['fun']

The findall() method finds all occurrences of the pattern in the string—although the trailing dollar-sign $ensures that the regex matches only at the end of the string. This can significantly alter the meaning of your regex as you can see in the next example: >>> re.findall('fun$', 'fun fun fun')
['fun']

Although, there are three occurrences of the substring ‘fun’, there’s only one matching substring—at the end of the string.

But what if you want to match not only at the end of the string but at the end of each line in a multi-line string?

[]
>>> re.findall('fun$', text, flags=re.MULTILINE) ['fun', 'fun', 'fun'] >>> The first output is the empty list because the string ‘fun’ does not appear at the end of the string. The second output is the list of three matching substrings because the string ‘fun’ appears three times at the end of a line. #### Python re.sub() The re.sub(pattern, repl, string, count=0, flags=0) method returns a new string where all occurrences of the pattern in the old string are replaced by repl. Read more in the Finxter blog tutorial. You can use the dollar-sign operator to substitute wherever some pattern appears at the end of the string: >>> import re >>> re.sub('Python$', 'Code', 'Is Python\nPython')
'Is Python\nCode'

Only the end of the string matches the regex pattern so there’s only one substitution.

Again, you can use the re.MULTILINE flag to match the end of each line with the dollar-sign operator:

>>> re.sub('Python$', 'Code', 'Is Python\nPython', flags=re.MULTILINE) 'Is Code\nCode' Now, you replace both appearances of the string ‘Python’. #### Python re.match(), re.search(), re.findall(), and re.fullmatch() All four methods—re.findall(), re.search(), re.match(), and re.fullmatch()—search for a pattern in a given string. You can use the dollar-sign operator$ within each pattern to match the end of the string. Here’s one example per method:

>>> import re
>>> text = 'Python is Python'
>>> re.findall('Python$', text) ['Python'] >>> re.search('Python$', text)
<re.Match object; span=(10, 16), match='Python'>
>>> re.match('Python$', text) >>> re.fullmatch('Python$', text)
>>>

So you can use the dollar-sign operator to match at the end of the string. However, you should note that it doesn’t make a lot of sense to use it for the fullmatch() methods as it, by definition, already requires that the last character of the string is part of the matching substring.

You can also use the re.MULTILINE flag to match the end of each line (rather than only the end of the whole string):

>>> text = '''Is Python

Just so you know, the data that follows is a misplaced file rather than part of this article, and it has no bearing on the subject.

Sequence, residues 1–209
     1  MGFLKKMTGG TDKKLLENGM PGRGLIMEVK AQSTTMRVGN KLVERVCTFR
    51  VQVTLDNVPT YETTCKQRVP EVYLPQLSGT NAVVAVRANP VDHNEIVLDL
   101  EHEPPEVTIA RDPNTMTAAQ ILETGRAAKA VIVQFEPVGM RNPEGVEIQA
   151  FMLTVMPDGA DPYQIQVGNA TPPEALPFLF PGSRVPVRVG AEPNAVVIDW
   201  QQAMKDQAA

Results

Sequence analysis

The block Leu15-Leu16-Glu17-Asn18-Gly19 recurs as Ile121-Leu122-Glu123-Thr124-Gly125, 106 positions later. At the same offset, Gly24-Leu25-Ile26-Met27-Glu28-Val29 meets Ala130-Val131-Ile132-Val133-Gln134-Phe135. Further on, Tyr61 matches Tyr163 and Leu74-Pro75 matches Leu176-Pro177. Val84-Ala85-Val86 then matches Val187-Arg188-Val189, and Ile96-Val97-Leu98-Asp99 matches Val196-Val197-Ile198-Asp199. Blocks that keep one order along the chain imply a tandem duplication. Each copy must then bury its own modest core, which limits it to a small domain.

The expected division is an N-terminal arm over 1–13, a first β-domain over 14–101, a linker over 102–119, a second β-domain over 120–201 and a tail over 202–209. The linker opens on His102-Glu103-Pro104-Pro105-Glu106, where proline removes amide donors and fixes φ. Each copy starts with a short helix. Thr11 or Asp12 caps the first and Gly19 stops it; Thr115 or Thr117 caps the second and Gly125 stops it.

Python'''
>>> re.findall('Python$', text, flags=re.MULTILINE) ['Python', 'Python'] >>> re.search('Python$', text, flags=re.MULTILINE)
<re.Match object; span=(3, 9), match='Python'>
>>> re.match('Python$', text, flags=re.MULTILINE) >>> re.fullmatch('Python$', text, flags=re.MULTILINE)
>>>

As the pattern doesn’t match the string prefix, both re.match() and re.fullmatch() return empty results.

### How to Match the Caret (^) or Dollar ($) Symbols in Your Regex? You know that the caret and dollar symbols have a special meaning in Python’s regular expression module: they match the beginning or end of each string/line. But what if you search for the caret (^) or dollar ($) symbols themselves? How can you match them in a string?

The answer is simple: escape the caret or dollar symbols in your regular expression using the backslash. In particular, use ‘\^’ instead of ‘^’ and ‘\$’ instead of ‘$’. Here’s an example:

>>> import re
>>> text = 'The product ^^^ costs $3 today.' >>> re.findall('\^', text) ['^', '^', '^'] >>> re.findall('\$', text)
['$'] By escaping the special symbols ^ and$, you tell the regex engine to ignore their special meaning.

### Summary

You’ve learned everything you need to know about the caret operator ^ and the dollar-sign operator $in this regex tutorial. Summary: The caret operator ^ matches at the beginning of a string. The dollar-sign operator$ matches at the end of a string. If you want to match at the beginning or end of each line in a multi-line string, you can set the re.MULTILINE flag in all the relevant re methods.

## The Regex Or Operator |

This article is all about the or | operator of Python’s re library.

### What’s the Python Regex Or | Operator?

Given a string. Say, your goal is to find all substrings that match either the string ‘iPhone’ or the string ‘iPad’. How can you achieve this?